A lot of activities occur on the ocean’s surface: some can be seen from the shore, others can be remotely monitored but many things happen in areas outside our intervention range. At-sea accidents require timely response capabilities. Therefore, it is essential to properly understand and forecast how objects drift and how spills are dispersed into the ocean.
A team of scientists from the Institut des sciences de la mer de Rimouski(ISMER), de l’McGill University and the Maurice Lamontagne Institute(MLI), supported financially by MEOPAR, has started developing and improving ocean surface current forecasting tools.
A partnership with SLGO will allow the development of a new Web interface in order to access high frequency (HF) radar real-time surface current data collected along the coast of the St. Lawrence Estuary.
More information about this project is available at:
Objectives / Milestones
The objective of this project, in partnership with SLGO, is to make surface current observations accessible to the public. For the first time in Canada, data collected in the St. Lawrence Estuary (see map) using four high frequency radars (13 MHz and 16 MHz) will be readily available.
Furthermore, it is our intent to engage in constructive discussions with stakeholders and data users in order to improve this product and ensure that our research results are properly used and interpreted.
- Publish real-time surface current observations collected using a high frequency radar network (May 2015).
- Promote the product, collect user feedback (2015-2016).
- Integrate user comments and implement improvements to the interface, initiate standardization (2016-2017).
WERA Radars located in Pointe-à-Boisvert (North Shore)
CODAR Radars located in Sainte-Flavie (Bas-Saint-Laurent)
Dany Dumont, Professor/Researcher, physical oceanography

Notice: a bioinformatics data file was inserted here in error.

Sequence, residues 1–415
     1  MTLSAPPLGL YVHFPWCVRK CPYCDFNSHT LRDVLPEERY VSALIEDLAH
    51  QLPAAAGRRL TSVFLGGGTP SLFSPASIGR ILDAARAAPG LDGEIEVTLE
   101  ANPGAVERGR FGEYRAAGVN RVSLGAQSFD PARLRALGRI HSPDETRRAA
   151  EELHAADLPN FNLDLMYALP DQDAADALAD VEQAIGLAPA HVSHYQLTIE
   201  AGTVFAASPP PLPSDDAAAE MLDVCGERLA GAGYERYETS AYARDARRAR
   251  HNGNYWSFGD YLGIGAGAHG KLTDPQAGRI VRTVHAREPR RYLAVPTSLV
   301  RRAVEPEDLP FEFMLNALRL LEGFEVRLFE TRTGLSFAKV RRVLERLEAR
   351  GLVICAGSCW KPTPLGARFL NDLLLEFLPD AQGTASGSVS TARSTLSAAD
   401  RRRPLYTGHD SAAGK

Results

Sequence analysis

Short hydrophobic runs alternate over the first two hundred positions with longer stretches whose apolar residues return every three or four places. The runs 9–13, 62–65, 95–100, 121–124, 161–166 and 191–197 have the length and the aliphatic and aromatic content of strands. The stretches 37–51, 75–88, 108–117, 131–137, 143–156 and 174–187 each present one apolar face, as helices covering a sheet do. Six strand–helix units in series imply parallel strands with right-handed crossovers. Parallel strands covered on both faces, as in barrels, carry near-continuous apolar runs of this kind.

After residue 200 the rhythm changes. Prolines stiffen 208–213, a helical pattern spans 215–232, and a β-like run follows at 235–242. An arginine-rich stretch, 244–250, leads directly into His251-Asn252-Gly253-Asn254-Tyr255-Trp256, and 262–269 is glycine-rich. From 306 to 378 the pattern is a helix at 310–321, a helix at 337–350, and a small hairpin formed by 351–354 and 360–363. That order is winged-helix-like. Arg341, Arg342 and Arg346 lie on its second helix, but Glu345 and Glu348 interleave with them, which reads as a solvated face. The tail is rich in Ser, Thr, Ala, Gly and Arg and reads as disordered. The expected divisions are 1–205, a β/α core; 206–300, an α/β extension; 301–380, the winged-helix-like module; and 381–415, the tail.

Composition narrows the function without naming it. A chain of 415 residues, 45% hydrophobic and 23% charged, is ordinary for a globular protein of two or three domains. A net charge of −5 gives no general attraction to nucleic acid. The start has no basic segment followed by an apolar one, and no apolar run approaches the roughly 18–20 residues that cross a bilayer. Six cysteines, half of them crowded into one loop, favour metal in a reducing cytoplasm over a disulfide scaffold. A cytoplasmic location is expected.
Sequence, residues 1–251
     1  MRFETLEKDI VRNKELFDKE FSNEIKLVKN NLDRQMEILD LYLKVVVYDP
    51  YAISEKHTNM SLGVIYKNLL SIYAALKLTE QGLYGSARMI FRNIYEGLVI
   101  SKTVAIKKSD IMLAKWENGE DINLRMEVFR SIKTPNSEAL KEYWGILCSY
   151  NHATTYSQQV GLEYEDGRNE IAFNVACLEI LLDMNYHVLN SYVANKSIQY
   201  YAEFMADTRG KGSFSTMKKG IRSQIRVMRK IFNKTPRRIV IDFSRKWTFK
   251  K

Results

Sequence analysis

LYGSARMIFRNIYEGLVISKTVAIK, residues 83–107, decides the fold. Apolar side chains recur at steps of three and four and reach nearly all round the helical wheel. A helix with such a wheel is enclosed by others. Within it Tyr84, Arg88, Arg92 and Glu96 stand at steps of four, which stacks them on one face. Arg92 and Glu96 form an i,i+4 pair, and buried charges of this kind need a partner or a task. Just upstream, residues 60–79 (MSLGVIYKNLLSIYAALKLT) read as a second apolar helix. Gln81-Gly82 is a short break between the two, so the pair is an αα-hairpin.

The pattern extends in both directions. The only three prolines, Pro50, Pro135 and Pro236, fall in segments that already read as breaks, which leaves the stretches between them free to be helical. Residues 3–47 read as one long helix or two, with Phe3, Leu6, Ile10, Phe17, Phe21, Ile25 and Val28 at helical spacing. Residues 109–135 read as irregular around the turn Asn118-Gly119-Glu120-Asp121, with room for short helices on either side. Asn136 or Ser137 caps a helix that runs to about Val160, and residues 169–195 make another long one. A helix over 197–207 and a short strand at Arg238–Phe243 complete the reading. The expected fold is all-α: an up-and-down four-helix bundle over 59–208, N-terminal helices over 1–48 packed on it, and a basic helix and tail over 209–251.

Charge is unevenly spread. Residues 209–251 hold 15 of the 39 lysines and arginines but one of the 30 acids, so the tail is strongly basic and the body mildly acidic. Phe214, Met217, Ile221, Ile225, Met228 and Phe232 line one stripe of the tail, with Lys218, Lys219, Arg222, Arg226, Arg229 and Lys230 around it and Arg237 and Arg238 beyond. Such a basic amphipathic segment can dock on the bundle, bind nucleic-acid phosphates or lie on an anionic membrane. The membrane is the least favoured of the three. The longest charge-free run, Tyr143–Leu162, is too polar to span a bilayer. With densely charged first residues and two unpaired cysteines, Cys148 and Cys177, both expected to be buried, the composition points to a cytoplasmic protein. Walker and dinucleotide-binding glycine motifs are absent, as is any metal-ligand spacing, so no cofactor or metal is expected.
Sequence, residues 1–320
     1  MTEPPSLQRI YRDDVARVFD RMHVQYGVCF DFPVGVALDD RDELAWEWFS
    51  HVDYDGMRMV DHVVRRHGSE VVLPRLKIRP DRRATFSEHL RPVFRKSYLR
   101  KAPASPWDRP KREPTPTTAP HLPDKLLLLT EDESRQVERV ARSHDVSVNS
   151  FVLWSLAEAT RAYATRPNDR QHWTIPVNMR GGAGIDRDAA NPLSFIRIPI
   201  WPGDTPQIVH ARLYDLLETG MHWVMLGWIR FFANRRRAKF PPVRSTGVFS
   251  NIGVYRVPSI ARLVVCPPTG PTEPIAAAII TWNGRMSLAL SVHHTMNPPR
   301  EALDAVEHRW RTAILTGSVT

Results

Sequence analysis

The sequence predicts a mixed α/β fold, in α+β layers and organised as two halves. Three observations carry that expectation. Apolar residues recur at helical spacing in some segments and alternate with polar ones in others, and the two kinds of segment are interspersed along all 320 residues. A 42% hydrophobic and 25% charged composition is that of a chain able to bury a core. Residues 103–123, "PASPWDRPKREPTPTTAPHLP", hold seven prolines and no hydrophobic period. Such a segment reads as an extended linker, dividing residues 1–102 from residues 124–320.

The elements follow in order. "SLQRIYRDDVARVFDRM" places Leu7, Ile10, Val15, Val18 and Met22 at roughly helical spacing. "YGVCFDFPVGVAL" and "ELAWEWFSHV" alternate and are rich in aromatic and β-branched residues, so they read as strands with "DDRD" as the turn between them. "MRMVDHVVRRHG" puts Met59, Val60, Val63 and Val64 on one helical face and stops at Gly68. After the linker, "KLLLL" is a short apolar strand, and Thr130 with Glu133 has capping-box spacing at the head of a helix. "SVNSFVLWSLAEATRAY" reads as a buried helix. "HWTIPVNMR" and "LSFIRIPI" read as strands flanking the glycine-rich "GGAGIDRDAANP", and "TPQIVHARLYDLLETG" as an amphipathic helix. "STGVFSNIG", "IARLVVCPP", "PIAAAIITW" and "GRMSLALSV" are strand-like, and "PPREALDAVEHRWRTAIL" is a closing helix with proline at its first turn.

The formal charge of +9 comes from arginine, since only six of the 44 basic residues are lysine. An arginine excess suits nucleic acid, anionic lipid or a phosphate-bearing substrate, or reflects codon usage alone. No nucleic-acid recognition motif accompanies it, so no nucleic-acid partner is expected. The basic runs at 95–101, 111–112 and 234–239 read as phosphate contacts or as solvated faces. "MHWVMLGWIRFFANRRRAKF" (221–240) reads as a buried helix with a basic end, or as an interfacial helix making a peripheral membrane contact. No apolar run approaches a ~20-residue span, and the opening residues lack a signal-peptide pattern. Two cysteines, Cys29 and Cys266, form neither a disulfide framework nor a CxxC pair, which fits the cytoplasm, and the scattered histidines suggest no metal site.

Although the era of great polar expeditions is over, there is still a lot to be learned about polar and sub-polar environments and the role they play with respect to the climate system. An integrated approach based upon the collection of new data and numerical modelling is adopted in order to understand their complex processes and interactions.
My interests focus mostly on wave-ice field interactions within the ice margin, ice field dynamics, ice-covered coastal zone oceanography and the marine ecosystem response to water column physical processes, all of which I study through numerical modelling. I am therefore asking what and how to model in order to better understand nature, its functions and its representations.
Cédric Chavanne, Professor, physical oceanography
The ocean is a turbulent fluid moving through various spatial and temporal scales, ranging from oceanic basin circulation to small vortices only a centimeter wide. Due to non-linear equations driving ocean movements, all scales interact with each other. However, global ocean circulation numerical models used to predict climate changes cannot solve horizontal scales inferior to a few kilometers.